• Peripheral Nervous System Dysfunction – Autonomic dysreflexia (over-reactive reflexes) unlike spasms affects blood vessels and organs, not skeletal muscle. You have sensory fibers that carry information to the spinal cord and motor fibers that send information back to the corresponding tissue or organ. This is known as a reflex arc.

This reflex arc becomes autonomous when it loses connections with the brain. This is usually life-threatening and occurs with injuries to the neck and/or upper back portion of your spine. This is a reflex action that happens when you have a stimulus, irritation, or pain to the nervous system below the level of your injury. The irritated area tries to send a signal to your brain, but the signal doesn’t make it. A local reflex arc response is initiated without the brain controlling it. This is very dangerous.

Anything that causes pain or irritation can set off this reflex such as the urge to urinate, defecate, cuts, bruises, or tight clothing for example. Suppose say you feel like you need to urinate. This reflex arc can initiate high blood pressure and rapid heart rate and if not controlled can generate stroke, seizure, or death. Symptoms that arise with this arc include sweating, flushing, severe headache, anxiety, and goosebumps. Whatever is activating a reflex arc needs to be remedied quickly.

  • Bowel and Bladder Dysfunction – In general, most spinal cord injuries affect bowel and bladder function. The nerves that control these functions are in the lower portion of the spinal cord and are often damaged in an accident. This cuts off brain control of these organs. Your bladder may empty suddenly or become over-full. If the urine isn’t released, it will back up into the kidneys. The patient may require catheterization. A similar problem occurs with the bowel and requires a bowel program for proper elimination.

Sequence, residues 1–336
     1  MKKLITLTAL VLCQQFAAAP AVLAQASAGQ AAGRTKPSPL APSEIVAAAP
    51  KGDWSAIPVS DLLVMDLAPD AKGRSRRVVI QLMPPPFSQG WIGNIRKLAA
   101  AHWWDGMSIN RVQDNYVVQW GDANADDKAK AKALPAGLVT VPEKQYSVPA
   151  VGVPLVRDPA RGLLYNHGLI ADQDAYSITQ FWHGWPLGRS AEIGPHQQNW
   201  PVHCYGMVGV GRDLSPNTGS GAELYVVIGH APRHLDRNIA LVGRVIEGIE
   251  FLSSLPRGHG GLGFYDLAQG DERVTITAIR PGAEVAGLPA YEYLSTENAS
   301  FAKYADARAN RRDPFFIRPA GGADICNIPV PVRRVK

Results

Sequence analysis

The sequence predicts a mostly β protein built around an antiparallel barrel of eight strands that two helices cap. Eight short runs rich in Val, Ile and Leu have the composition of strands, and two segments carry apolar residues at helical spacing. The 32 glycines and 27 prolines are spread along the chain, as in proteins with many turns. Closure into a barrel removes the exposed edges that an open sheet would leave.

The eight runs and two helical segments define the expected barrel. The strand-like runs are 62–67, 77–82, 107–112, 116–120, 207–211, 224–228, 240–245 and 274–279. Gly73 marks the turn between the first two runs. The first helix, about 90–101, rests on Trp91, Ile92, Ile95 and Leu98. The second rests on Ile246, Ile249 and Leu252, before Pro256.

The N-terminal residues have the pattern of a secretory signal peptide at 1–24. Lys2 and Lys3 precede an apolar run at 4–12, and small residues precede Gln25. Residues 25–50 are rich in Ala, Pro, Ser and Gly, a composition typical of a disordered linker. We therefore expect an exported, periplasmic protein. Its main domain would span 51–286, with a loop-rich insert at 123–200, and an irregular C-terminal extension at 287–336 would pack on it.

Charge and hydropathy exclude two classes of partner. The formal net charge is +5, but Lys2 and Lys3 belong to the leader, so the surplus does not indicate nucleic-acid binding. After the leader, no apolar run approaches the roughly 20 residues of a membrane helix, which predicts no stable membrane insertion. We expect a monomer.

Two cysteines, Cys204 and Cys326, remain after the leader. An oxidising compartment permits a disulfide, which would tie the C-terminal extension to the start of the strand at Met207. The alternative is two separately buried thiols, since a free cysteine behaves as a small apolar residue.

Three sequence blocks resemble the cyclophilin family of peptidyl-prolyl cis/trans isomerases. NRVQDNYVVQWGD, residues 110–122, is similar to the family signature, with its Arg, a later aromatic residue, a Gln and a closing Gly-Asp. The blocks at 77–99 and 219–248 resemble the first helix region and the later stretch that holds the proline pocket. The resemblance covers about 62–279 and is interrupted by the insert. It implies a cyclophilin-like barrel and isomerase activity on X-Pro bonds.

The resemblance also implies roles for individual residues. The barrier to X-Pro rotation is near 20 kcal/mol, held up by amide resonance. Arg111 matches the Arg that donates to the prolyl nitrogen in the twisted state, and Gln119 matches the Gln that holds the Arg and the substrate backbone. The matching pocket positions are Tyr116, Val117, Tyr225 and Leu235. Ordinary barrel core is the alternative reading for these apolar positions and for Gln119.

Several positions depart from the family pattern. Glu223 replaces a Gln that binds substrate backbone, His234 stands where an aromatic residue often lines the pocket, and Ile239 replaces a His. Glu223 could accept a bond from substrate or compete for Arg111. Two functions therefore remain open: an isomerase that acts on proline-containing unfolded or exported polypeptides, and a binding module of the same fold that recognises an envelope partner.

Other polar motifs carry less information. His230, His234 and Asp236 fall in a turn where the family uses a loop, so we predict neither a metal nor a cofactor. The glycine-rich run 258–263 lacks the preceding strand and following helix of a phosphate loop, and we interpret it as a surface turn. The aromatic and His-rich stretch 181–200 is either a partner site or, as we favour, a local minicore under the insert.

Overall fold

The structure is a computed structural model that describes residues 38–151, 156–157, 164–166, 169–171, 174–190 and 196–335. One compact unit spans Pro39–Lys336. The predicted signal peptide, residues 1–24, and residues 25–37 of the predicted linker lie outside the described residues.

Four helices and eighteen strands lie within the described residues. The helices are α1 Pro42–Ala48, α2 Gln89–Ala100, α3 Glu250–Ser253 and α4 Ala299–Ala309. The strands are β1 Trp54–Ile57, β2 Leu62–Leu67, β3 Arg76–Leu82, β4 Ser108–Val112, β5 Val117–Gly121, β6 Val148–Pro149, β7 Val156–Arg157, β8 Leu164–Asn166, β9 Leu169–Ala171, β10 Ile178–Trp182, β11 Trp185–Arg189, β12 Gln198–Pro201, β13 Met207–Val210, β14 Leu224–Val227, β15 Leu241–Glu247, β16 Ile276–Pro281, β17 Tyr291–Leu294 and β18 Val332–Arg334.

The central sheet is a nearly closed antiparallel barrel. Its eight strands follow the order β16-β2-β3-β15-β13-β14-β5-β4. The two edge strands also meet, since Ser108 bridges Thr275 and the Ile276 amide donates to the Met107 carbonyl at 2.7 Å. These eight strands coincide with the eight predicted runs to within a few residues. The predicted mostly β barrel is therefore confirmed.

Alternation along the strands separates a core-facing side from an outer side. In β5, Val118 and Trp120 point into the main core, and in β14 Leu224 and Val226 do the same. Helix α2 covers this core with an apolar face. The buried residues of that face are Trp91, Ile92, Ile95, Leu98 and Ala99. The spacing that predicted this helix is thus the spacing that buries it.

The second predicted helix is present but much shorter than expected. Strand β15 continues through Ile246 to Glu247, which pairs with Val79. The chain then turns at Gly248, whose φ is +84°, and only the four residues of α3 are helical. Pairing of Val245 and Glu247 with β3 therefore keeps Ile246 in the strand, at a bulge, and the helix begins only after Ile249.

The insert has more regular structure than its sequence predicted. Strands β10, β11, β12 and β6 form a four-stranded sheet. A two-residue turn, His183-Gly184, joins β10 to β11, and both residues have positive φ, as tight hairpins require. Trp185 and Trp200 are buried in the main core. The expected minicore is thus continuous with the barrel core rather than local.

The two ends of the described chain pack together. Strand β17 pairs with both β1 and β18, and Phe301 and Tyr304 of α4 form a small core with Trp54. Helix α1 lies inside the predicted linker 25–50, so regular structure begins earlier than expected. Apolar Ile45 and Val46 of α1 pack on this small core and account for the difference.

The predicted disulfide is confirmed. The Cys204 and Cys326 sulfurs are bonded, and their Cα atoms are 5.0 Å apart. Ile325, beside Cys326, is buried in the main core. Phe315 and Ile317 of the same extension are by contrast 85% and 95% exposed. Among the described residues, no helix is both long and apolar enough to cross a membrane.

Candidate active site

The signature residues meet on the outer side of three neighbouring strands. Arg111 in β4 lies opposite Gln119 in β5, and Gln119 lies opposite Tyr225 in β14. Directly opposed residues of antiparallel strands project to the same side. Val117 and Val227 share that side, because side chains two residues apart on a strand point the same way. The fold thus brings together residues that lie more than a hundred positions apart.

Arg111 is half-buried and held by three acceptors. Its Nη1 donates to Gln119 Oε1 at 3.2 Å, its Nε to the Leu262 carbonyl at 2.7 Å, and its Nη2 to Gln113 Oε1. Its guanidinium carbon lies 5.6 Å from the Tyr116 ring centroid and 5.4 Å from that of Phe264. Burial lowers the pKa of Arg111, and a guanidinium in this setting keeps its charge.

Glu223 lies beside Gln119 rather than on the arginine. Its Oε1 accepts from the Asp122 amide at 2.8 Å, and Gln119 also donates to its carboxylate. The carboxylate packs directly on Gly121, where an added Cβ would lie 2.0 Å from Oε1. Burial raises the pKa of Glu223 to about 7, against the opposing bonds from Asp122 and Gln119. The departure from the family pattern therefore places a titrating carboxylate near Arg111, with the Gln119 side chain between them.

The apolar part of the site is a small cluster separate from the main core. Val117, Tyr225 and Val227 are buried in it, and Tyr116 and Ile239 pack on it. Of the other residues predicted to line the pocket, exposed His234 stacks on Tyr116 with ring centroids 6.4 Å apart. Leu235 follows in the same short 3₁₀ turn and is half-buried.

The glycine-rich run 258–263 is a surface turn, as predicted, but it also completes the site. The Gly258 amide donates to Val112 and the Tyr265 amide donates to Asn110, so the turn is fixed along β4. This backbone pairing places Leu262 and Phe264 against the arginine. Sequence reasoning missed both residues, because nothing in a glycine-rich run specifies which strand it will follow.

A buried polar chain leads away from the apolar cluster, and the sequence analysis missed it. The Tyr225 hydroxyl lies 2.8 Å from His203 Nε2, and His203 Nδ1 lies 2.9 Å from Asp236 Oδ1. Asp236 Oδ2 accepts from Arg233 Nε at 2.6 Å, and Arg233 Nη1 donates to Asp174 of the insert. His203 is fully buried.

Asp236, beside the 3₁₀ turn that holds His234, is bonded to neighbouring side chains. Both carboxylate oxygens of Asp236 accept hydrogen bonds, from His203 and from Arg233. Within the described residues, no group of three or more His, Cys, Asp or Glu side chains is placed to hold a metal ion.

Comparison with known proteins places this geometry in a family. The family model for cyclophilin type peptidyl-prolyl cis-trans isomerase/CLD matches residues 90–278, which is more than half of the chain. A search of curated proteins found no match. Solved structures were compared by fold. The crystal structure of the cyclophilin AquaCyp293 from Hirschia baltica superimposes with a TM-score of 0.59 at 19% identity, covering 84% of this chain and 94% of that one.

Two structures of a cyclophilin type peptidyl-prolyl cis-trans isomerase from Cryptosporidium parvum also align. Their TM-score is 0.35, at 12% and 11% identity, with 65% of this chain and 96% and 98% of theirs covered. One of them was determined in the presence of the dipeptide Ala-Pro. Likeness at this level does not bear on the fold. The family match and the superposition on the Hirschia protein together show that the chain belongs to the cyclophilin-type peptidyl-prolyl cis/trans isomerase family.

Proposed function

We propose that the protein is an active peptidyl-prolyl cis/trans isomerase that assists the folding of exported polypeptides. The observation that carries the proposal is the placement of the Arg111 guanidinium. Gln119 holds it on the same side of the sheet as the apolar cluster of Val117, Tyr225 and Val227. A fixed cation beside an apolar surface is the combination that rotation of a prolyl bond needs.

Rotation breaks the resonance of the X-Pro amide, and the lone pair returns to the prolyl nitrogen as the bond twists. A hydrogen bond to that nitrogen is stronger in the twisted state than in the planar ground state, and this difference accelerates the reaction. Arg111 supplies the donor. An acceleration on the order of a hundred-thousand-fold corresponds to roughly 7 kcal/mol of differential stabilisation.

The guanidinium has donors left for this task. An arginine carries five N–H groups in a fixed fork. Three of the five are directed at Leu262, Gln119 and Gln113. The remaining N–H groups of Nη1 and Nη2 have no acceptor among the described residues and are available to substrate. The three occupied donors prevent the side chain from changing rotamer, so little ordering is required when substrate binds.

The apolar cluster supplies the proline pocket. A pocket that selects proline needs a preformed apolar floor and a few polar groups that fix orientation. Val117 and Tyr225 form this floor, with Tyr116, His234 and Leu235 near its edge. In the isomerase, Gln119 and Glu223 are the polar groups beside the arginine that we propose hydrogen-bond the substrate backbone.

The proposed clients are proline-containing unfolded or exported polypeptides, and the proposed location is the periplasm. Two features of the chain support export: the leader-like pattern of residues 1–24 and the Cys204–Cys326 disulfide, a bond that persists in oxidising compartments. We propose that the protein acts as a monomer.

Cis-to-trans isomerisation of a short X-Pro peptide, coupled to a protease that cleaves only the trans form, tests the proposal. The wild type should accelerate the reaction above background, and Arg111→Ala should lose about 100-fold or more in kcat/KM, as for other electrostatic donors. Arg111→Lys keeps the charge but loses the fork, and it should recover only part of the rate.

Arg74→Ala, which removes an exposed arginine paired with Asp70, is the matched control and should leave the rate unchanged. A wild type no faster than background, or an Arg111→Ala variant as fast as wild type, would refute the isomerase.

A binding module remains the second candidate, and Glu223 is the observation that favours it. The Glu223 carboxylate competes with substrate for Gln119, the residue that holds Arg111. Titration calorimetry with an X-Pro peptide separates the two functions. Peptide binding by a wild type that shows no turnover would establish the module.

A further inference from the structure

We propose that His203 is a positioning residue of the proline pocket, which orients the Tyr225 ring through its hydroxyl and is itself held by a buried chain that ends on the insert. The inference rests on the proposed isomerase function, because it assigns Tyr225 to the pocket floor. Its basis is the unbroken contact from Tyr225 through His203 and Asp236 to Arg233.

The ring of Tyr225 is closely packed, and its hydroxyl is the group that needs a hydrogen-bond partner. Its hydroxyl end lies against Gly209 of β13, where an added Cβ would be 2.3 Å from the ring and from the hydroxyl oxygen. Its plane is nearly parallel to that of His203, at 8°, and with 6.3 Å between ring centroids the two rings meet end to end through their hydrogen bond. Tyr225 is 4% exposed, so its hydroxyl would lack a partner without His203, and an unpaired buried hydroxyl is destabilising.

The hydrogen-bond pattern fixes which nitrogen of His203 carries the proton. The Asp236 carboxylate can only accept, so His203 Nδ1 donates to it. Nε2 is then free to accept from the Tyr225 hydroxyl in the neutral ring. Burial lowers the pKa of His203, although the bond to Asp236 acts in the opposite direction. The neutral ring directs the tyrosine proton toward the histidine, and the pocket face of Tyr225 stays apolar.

• Sexual and Reproductive Dysfunction – This is generally a problem for males. Depending on exactly where the spinal cord damage is, men might experience erectile dysfunction (ED), ejaculation problems, and/or fertility problems.

New advances in medical technologies allow physicians to predict with good accuracy the long-term outcome of spinal injuries. When a patient has survived their injury and can cope emotionally with their particular situation, the next thing on the agenda is to learn how to live with their disabilities.

If you’ve been in a car, truck, or motorcycle accident and your brain/spinal injury was caused by the carelessness of another person, you may be entitled to financial compensation for pain and suffering, medical bills, and lost wages. These types of accidents often involve long-term medical care and loss of your ability to earn wages in the future. Contact one of our experienced personal injury lawyers at Chester Law Group today. We are a personal injury law firm experienced in car, truck and motorcycle accidents involving spinal/brain injury. We will help guide you through your personal injury settlement.